By Hannah E. Jones

Earlier this month, the Chattahoochee National Park Conservancy (CNPC) welcomed Brittany Jones as its first-ever executive director. The decision comes after the Board of Directors’ national search with over 100 qualified candidates and four rounds of interviews.

Brittany Jones stands, smiling with her arms crossed.
Brittany Jones.

The CNPC is the Friends Group and primary philanthropic partner of the Chattahoochee River National Recreation Area (CRNRA), which covers 15 park units along 48 miles of river. In 2022, CRNRA was the 21st most visited national park unit — higher on the list than Yellowstone National Park.

In this new position, Jones will guide the organization’s mission to promote environmental stewardship and a community of support for the CRNRA. She stepped into the role on July 10. 

Jones most recently served as executive director at the City of Kennesaw’s Smith-Gilbert Gardens. Born and raised in Miami, she would frequently visit the Everglades National Park and began “swooning over the National Park Service at a young age.” She describes her new role as an intersection between her two main passions — nature and nonprofit work.

“I’ve been a nature-lover since I could walk, I was outside until the sun went down,” Jones said. “I initially worked in the county park system in Miami and next, in museums and public gardens. [They’ve] all been places of tremendous beauty, but parks are where my heart is.”

The executive director role was created to facilitate the completion of the park’s first-ever Comprehensive Trails Management Plan. About a year ago, an anonymous donor donated $600,000 to find a leader who will ensure that the monumental project is successful.

While the CRNRA was established 45 years ago, the park has never formally created a trail network. Most of the current trails are old roads, utility corridors and legacy social trails, which are pathways worn down over time by visitors. 

However, the lack of planning has led to erosion and unsafe walking conditions throughout the park, leading to an official planning process that began in 2016 to revamp the network of trails. The new plan will add 33 miles to the trail network, a 48 percent increase from the park’s current 67 miles.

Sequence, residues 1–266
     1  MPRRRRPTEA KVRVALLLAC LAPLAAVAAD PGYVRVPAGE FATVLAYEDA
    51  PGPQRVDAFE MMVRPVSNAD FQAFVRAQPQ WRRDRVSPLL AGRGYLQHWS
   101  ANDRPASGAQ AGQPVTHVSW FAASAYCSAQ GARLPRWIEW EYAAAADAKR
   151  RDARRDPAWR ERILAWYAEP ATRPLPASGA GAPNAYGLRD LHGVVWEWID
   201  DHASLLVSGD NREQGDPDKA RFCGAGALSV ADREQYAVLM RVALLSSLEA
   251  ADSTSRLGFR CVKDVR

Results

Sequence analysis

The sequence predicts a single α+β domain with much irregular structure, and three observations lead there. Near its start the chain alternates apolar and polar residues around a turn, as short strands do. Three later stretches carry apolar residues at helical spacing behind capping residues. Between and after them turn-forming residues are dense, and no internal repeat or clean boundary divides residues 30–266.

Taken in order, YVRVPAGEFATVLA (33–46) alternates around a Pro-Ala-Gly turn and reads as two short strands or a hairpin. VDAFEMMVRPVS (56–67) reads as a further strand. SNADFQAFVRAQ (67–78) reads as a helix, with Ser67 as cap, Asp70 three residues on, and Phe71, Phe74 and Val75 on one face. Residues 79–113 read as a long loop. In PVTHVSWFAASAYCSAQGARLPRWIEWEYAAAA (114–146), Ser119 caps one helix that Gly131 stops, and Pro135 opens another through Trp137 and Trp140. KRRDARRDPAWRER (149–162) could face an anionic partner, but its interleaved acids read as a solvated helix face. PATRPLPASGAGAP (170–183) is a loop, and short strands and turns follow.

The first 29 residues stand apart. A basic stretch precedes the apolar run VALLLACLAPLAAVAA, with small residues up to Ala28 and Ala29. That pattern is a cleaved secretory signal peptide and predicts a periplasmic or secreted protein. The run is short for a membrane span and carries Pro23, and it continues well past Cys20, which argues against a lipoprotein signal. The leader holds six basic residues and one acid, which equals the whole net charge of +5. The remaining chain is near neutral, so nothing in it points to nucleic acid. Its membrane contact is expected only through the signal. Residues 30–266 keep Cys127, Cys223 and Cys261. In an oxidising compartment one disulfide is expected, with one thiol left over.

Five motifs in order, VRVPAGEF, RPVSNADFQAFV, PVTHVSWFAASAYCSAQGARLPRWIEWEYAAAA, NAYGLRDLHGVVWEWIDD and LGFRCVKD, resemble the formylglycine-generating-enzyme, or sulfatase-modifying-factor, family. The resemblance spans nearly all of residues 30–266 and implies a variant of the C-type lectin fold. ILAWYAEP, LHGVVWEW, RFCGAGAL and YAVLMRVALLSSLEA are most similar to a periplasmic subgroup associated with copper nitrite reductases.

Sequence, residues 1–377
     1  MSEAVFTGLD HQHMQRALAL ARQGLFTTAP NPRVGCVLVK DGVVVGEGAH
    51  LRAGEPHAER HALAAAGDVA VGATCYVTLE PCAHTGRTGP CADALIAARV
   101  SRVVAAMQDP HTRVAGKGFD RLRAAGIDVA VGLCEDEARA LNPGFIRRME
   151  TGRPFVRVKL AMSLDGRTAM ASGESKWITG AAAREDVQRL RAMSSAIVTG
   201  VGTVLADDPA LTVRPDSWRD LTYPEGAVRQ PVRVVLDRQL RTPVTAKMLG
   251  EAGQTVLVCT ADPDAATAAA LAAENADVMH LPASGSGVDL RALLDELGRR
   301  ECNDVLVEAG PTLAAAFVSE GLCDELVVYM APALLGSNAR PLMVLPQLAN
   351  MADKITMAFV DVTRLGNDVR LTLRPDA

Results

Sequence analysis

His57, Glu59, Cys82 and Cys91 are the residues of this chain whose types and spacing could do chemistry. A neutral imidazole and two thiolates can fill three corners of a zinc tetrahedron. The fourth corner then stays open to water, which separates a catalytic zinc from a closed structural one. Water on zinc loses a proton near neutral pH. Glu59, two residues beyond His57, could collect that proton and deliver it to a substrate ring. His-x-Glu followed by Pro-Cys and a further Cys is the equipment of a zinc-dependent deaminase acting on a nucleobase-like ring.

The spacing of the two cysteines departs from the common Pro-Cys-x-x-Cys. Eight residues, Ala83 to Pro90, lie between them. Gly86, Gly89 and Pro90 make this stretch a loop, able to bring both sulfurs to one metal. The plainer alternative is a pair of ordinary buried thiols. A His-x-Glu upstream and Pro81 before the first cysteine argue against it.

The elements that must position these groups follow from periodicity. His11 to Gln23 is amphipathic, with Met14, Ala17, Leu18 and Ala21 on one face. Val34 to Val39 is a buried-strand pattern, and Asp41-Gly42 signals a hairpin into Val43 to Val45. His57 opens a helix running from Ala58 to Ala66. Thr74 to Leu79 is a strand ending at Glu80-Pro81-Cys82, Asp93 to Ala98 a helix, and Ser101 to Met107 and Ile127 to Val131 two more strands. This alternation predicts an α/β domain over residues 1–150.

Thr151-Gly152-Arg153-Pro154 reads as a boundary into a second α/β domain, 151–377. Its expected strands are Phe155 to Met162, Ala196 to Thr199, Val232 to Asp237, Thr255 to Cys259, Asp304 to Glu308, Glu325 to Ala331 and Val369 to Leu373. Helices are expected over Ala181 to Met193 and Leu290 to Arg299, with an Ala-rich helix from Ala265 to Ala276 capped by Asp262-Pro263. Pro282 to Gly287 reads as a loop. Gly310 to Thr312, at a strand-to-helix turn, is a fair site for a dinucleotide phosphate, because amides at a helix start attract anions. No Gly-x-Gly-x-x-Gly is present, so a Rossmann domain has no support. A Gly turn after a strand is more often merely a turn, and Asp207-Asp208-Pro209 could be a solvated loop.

A boardwalk over water.
The Chattahoochee River is home to over 240 bird species and more than 20 types of fish. (Photo by Shawn Taylor, courtesy of the Chattahoochee River National Recreation Area.)

“This donor was like, ‘I want to see this trail plan enacted, and I know that can’t happen [with only] a volunteer board,’” CNPC Board President Graham Dorian said. “That’s what brought us to hiring Brittany, so you can imagine how excited we are.”

Still in the early days, Jones will continue to meet with the team and visit each of the CRNRA’s park units. The team is also pursuing a name change for the CRNRA, wanting to become designated as a National Park rather than a National Recreation Area. 

This would take “a literal act of Congress to change the name to the Chattahoochee River National Park,” Dorian explained. However, the day-to-day operations at the park wouldn’t change and the new name would put the park further on the national map. SaportaReport will continue to follow this story.

Overall, Jones said that she’s proud to be selected as the inaugural executive director, and plans to foster a robust support system for the CRNRA.

“It’s exciting and a big sense of pride for me, personally,” Jones said. “I get to create a legacy for myself but, in a bigger picture, it’s a legacy for the Conservancy. It’s only going to grow, get bigger and be better. I love being at ground level and being able to build it up with the board.”

Hannah Jones is a Georgia State University graduate, with a major in journalism and minor in public policy. She began studying journalism in high school and has since served as a reporter and editor for...

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